Bringing New Art to Old Havana: A Q&A with Dealer Concha Fontenla
In Old Havana, where bright-hued colonial balustrades are a more common sight than white-cube galleries, the nonprofit Factoría Habana art space is something of an anomaly. Opened last December in a majestic warehouse on a back street far removed from the neighborhood's main tourist corridor, the gallery is the project of founding director Concha Fontenla, a native of Galicia, Spain, who curates a diverse program alternating foreign contemporary art with work by local artists like Lázaro Saavedra, Sandra Ramos, and René Francisco. (The art program is also occasionally interspersed with extra-curatorial events, such as Havana’s Street Dance Festival, which filled the gallery with dancers on roller skates.)
The 1,250-square-meter space is spread over three floors of an early-20th-century industrial building that has been impeccably restored by the Office of the Historian of Havana, which layered a spare renovation over the bones of the original structure — all under Fontenla’s watchful eye. ARTINFO sat down with the gallery director, who also runs the commercial gallery Factoría Compostela in Santiago de Compostela.
Tell me about the genesis of Factoría Habana.
I’d always wanted to come to Cuba, but it was clear to me that I couldn’t come as a tourist. I think Havana is a very aggressive city for tourists. When I began to visit 15 years ago, when I was on an academic exchange program, I fell completely in love with the place. I began to tell Eusebio Leal [the historian of the city of Havana, who has led the restoration of the historic downtown] that Habana Vieja needed more contemporary culture. It seemed to me that contemporary art and architecture were on the margins here, and they shouldn’t be anymore.
What were some of the challenges you faced when creating the art center?
The first challenge was to adapt the space with as little interference as possible. One basic criterion was to do the restoration with the materials and the people that are available here in Cuba. It was a struggle, but the culture has evolved. I can say that after fighting for things like the tone of white on the walls and the polished concrete floors, which seemed to them like science fiction at first.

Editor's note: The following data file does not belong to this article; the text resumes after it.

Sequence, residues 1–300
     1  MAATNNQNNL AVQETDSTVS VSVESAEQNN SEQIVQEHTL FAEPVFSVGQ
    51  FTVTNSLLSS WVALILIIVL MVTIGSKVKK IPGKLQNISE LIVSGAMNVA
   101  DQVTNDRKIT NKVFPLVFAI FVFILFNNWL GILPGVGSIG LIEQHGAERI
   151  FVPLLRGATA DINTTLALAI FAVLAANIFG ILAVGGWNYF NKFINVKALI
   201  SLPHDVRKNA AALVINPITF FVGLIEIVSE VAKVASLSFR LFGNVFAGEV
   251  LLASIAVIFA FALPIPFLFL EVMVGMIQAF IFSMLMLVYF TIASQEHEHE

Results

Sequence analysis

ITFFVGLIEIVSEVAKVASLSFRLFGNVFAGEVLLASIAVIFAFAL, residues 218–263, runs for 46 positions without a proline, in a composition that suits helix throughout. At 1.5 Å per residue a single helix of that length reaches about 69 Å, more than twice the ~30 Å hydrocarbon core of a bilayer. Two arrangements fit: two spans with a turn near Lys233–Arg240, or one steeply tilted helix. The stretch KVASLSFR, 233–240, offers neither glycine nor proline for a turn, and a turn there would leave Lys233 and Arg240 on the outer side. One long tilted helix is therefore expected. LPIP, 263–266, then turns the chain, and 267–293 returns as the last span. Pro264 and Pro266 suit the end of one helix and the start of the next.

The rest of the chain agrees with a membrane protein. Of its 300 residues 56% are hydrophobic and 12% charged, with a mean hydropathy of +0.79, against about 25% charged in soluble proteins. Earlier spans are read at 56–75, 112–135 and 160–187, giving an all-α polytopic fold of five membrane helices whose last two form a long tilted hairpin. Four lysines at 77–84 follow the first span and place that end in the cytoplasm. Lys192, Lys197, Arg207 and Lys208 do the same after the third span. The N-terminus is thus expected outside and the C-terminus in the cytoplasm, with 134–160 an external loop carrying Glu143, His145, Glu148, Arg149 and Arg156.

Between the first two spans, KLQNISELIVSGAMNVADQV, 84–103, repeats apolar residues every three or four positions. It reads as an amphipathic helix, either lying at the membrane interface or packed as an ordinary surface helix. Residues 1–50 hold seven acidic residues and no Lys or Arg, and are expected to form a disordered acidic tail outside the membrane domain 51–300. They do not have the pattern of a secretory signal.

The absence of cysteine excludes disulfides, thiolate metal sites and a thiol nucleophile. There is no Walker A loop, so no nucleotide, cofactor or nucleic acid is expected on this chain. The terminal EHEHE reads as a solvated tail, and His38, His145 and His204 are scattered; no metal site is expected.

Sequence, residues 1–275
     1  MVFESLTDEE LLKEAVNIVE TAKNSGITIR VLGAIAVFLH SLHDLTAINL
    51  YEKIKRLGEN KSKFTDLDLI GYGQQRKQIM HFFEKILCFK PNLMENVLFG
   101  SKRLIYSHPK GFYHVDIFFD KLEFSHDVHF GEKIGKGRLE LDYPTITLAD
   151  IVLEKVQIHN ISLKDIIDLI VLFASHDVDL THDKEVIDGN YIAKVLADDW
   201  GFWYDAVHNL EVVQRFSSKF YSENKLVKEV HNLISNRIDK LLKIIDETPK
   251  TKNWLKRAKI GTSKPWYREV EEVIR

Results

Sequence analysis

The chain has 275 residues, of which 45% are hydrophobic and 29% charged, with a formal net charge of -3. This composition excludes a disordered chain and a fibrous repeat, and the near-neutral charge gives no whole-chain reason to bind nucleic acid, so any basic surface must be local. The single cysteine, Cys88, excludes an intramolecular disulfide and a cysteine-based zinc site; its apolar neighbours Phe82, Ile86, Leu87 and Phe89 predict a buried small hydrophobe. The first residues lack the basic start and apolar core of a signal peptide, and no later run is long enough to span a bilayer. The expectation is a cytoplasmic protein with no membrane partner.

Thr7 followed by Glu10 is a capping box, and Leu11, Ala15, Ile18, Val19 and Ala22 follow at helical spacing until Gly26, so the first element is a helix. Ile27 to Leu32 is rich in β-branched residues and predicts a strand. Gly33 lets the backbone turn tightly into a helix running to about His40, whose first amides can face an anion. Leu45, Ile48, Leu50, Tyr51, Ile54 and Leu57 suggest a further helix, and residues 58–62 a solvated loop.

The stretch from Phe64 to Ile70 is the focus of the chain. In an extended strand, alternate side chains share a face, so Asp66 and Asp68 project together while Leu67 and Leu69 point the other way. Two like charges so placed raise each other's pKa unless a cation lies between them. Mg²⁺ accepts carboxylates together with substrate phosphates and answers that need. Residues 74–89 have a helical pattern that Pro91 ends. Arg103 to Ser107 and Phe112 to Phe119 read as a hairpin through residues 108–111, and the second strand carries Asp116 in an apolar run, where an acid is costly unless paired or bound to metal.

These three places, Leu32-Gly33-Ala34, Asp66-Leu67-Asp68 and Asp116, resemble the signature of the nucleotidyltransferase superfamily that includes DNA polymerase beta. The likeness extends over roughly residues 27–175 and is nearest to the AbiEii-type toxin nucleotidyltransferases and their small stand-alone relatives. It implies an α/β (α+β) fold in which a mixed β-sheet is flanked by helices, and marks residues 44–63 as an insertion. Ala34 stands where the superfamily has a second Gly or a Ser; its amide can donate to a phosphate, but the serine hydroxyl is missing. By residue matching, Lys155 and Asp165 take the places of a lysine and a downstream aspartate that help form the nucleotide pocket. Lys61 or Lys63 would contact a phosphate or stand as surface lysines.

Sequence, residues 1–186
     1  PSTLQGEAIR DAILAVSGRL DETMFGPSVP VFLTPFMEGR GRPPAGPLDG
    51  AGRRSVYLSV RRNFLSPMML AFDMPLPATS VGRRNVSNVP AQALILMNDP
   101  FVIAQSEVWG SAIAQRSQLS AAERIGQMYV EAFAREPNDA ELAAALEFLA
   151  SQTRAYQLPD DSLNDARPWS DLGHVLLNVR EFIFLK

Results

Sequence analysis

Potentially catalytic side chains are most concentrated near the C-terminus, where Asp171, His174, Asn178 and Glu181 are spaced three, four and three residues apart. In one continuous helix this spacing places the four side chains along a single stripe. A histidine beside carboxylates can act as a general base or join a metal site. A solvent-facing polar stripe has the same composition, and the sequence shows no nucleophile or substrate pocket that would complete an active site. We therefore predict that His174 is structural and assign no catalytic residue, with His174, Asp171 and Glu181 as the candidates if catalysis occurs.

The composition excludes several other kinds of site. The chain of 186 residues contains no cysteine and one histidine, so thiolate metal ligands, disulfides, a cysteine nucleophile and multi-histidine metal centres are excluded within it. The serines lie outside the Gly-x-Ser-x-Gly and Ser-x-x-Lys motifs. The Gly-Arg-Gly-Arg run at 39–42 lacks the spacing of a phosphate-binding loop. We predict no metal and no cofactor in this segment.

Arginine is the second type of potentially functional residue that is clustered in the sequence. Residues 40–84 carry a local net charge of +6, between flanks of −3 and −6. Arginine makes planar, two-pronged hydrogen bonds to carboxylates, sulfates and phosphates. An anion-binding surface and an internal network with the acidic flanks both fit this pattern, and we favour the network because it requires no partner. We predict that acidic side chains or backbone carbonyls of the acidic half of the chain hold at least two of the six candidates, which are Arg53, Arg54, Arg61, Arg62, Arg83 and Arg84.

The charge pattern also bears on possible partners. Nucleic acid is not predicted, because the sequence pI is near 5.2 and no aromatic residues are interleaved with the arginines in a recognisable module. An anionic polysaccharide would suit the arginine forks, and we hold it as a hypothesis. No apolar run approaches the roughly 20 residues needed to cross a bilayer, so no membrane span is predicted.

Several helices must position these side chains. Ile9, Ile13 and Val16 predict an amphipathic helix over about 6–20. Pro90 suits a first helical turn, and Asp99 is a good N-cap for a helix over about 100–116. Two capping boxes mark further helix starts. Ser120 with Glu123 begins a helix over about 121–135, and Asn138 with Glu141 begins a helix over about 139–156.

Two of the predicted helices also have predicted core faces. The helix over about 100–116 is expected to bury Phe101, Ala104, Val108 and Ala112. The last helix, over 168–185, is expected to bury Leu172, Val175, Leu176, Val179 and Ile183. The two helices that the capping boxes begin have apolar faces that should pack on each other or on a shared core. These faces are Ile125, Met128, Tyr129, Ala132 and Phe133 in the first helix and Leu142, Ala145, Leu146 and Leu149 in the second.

How do you see Factoría Habana fitting into Havana’s cultural scene?
I see it as a breath of fresh air. I don’t just want to bring contemporary architecture and art to Habana Vieja, I want to entice Cuban visitors who see the area as just a touristy place. Many well-traveled Cubans — artists especially — have said to me, “Hey, this looks like it could be Berlin or SoHo.” No, darling, this is Habana Vieja. It’s good that they see that this is possible to do here.
You seem to be thinking globally and acting locally with this project. Can you give me examples of the advantages and disadvantages of a project such as yours in a complex place like Havana?
An advantage of Havana is that anything is possible here. There is definitely inventiveness in the city. We make things up as we go every day. I have to mount — and I don’t even know how — a show of new media next week. But somehow, in a country in which I can’t find the right screw to fit the adapter anywhere, I know the show will go up. At the same time, that challenge is also very inconvenient.
What is it like operating under the eye of the Cuban government?
We have to accept things as they are. There are certain limits to what we can do. There’s a critical posture in the cultural world when it comes to political themes, which we have to transcend here. We have certain conditions. I’ll take the space as far as it can go, but I have no idea what will happen in the future. I’m at a point in my life where I almost don’t care. That’s what I enjoy the most about Havana: it’s a place that allows me to squeeze every drop out of every day, to live each day as if it were my last.
Factoría Habana is located at 308 O’Reilly Street, between Habana and Aguiar, in Havana, Cuba. +537-864-9518, factoriacompostela.com